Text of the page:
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Thread: "Near" Cygnus

  1. #1

    "Near" Cygnus

    Interesting article about Kepler 22b, which has been discussed in this thread. But I took issue with this sentence:

    "The planet’s home star, some 600 light years distant and near the constellation Cygnus, is “almost a solar twin,” Batahla said."

    So, what does that mean, that it's "near" Cygnus? Seems to me, it's either in Cygnus, or it's in another constellation.

  2. #2
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    I don't think every star is in a constellation. And I don't even know that the home star of Kepler 22b is even naked eye visible. So near Cygnus might be OK.
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  3. #3
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    Quote Originally Posted by Swift View Post
    I don't think every star is in a constellation.
    What? **WHAT???**

    Every star is in a constellation, though a few might wander
    back and forth across a boundary line every six months as
    Earth goes around the Sun. At a distance of 600 light-years,
    that isn't likely, but it isn't impossible.

    There are 88 constellations, and they cover the whole sky.
    Some are less familiar than others, and some writer might
    substitute a familiar nearby constellation for the actual
    unfamiliar one.

    However Wikipedia says Kepler-22 is "located between the
    constellations Cygnus and Lyra at Right Ascension 19h 16m
    52.2sec and Declination +47deg 53min 4.2sec." Both familiar
    constellations. That location is closer to Vega than to Deneb.
    The data table on the right side of the Wikipedia page lists
    the constellation as Cygnus. So it would seem that it is in
    Cygnus, but closer to the very bright star Vega, in Lyra, than
    to the bright star Deneb in Cygnus.

    Quote Originally Posted by Swift View Post
    And I don't even know that the home star of Kepler 22b is
    even naked eye visible.
    The Wiki page says it is apparent magnitude 11.664. Way
    far away from naked eye visible.

    Quote Originally Posted by Swift View Post
    So near Cygnus might be OK.
    If you can't see it, it doesn't matter where it is.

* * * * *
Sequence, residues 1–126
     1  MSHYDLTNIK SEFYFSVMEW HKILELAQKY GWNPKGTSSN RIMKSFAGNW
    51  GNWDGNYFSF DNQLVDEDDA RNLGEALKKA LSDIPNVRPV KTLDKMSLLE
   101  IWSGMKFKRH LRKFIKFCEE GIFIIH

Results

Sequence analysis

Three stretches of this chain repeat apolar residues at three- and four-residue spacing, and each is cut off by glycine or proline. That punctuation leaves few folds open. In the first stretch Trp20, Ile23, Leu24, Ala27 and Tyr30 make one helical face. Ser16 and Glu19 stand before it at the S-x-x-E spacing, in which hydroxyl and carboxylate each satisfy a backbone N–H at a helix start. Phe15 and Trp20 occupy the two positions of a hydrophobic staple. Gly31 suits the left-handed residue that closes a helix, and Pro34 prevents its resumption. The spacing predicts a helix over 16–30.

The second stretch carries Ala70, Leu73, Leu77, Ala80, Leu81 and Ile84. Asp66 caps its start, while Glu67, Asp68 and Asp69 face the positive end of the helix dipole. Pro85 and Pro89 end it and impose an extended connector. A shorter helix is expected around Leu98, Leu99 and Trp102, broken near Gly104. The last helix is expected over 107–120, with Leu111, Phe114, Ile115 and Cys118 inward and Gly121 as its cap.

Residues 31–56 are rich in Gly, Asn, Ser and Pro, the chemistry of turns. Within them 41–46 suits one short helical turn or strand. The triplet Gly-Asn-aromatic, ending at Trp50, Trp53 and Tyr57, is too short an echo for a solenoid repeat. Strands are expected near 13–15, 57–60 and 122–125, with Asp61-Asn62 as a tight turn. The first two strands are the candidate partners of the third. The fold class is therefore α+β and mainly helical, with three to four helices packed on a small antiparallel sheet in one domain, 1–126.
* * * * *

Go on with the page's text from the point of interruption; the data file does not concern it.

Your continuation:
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  4. #4
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    Whether or not every star is in a constellation depends on your definition, actually. By some, "constellation" is a region of sky. By others, it's the actual stars which make up the image in question.
    _____________________________________________
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  5. #5
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    Smile

    Indeed, the term constellation literally means a group of stars. That’s what it meant until 1922 when the International Astronomical Union divided the celestial sphere into 88 (actually 89 if we count split Serpens) regions and called them constellations. It’s because of that that some insist there are thirteen zodiacal constellations instead of twelve. The IAU took a dim region of stars away from Scorpius and placed them in Ophiuchus. They also ask us to refer to groupings of stars other than their own as asterisms. e.g. The Big Dipper or Summer Triangle. I prefer the traditional definition of constellation (forget asterism), but will bow to the IAU when they assign a star to one of their defined constellations.
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  6. #6
    Quote Originally Posted by Gillianren View Post
    Whether or not every star is in a constellation depends on your definition, actually. By some, "constellation" is a region of sky. By others, it's the actual stars which make up the image in question.
    So, by the second definition, the only objects that would be described as "in Cygnus" would be the ten (or so) stars visible to the unaided eye which, when mentally connected, form a pattern resembling a swan? Everything else in the vicinity (telescopic or not) would be termed "near Cygnus"?

  7. #7
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    Exactly.
    _____________________________________________
    Gillian

    "Now everyone was giving her that kind of look UFOlogists get when they suddenly say, 'Hey, if you shade your eyes you can see it is just a flock of geese after all.'"

    "You can't erase icing."

    "I can't believe it doesn't work! I found it on the internet, man!"

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